Unlock the Muse – October 24, 2018

October is a busy month for me. Planning a birthday party, visiting a pumpkin patch, choosing costumes, participating in a 24-hour read-a-thon, preparing for NaNoWriMo… The list goes on. While some of the interruptions life throws out are avoidable, others aren’t so optional. The best we can do as writers is to take what life throws at us and incorporate it into our work. Life experiences are what makes our fiction authentic.

Here is this week’s writing prompt:

With pen and paper in hand, visit a popular bookstore. Sit at a table or in a comfy chair, and write down snippets of dialogue you hear as people walk by. Don’t look at their faces, just keep your head down and write.

If the bookstore doesn’t work well for you, choose instead a local coffee shop or café. Maybe a university setting is more your speed, or a government office open to the public. After you’ve spent some time at your chosen location and have a good selection of dialogue, go back to your usual writing space and try to imagine what those people look like. What do they do? What are their goals? Can you create a logical conflict?

Again, I haven’t started a new writing craft book yet. My focus lately has been on world building as I prepare for NaNoWriMo next month. I found this excellent resource on the subject that offers tips for creating imaginary worlds as well as alternate reality and real world settings.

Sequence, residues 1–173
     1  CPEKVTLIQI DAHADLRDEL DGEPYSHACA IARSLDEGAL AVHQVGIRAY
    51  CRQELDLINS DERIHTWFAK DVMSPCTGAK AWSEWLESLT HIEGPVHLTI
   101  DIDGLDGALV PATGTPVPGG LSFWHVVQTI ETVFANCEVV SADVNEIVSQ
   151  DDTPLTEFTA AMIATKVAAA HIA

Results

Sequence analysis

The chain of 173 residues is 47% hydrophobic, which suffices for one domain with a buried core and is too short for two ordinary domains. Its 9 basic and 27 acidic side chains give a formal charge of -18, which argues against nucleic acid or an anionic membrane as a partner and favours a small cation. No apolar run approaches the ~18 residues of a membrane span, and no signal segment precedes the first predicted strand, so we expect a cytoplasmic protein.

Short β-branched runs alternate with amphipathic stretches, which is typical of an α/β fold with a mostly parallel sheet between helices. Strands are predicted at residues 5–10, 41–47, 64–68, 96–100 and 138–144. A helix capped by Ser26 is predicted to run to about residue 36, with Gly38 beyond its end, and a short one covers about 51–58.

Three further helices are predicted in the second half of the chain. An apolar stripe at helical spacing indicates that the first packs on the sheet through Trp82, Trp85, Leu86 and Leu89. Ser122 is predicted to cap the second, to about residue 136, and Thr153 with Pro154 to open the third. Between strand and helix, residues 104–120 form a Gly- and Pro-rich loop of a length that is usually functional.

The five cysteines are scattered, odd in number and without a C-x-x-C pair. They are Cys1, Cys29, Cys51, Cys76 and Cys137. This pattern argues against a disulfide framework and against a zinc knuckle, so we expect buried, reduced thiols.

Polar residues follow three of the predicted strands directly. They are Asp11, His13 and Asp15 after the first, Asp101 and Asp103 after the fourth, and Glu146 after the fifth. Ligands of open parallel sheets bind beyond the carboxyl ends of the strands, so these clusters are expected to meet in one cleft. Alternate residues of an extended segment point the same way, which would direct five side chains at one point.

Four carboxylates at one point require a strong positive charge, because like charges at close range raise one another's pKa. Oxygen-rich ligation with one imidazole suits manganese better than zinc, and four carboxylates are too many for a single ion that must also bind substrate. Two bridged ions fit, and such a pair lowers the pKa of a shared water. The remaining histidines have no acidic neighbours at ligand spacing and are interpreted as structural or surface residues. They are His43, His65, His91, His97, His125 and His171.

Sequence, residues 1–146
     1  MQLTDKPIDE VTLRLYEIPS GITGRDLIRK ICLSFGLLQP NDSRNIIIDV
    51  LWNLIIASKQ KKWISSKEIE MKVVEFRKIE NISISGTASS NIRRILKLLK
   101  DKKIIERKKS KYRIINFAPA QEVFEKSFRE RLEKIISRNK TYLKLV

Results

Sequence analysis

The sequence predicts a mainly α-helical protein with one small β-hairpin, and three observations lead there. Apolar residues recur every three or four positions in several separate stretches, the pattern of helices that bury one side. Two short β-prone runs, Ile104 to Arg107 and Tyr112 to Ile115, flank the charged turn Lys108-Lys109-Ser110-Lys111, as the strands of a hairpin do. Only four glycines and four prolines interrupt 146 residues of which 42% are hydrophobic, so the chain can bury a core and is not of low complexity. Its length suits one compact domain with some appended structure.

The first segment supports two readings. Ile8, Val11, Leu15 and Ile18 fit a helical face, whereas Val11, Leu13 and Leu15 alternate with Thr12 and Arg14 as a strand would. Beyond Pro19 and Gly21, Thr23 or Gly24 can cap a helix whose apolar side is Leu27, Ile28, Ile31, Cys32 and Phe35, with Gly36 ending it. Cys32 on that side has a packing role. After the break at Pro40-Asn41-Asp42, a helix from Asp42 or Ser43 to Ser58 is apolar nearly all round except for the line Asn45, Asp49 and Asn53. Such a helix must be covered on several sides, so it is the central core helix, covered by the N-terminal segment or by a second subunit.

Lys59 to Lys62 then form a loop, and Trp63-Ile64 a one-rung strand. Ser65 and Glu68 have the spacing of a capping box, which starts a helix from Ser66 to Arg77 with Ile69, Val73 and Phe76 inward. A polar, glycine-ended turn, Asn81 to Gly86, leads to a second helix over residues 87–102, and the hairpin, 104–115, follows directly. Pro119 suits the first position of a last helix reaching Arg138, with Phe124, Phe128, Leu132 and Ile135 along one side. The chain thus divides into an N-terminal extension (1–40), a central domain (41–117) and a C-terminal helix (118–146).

World building is a potentially overwhelming task, but it doesn’t have to be. Take it a little bit at a time and focus on the parts that are most vital to your characters and plot.

It’s time to play! Here’s the roll of the dice from Rory’s Story Cubes, Voyages edition:


Choose just one image, or use them all and create a narrative. Or work on your world building skills and create a world where all of these things make sense together.

Happy writing!

Please consider sharing a link to your response to the writing exercise. Got a question? Just ask!

In the Beginning There Was the Blank Page…

Borders are nothing more than lines on a map. They have no meaning or value except that which we give to them.

That said, what makes a border? How are they determined?

Most borders are naturally defined such as coastlines, rivers and mountain ranges. Others are completely arbitrary political devices such as the one between the United States and Canada.

My interest in this right now is that I am creating a map for my fictional world. I am creating those natural borders out of nothing by building those rivers, oceans and mountains – geological features that have to make sense. The placement of cities and fortresses, farms and villages, all have to have a reason to be where they are.

I have a general idea how I think my world should look. There’s a north and a south. There’s the western hills and the central plains. Several large cities, islands and another land across the sea.

Add to all this, there are the political boundaries. Political boundaries separate people groups. People groups have histories, cultures, religious traditions and so much more. And unlike natural boundaries, political boundaries have a way of shifting. War and conflict seem to be an inevitable part of human interaction.

World building is a difficult, time consuming process. But at the same time, it’s fascinating and exciting. It’s a process worth taking the time to do well. I’ve been spending a lot of time in this world, I may as well do it right.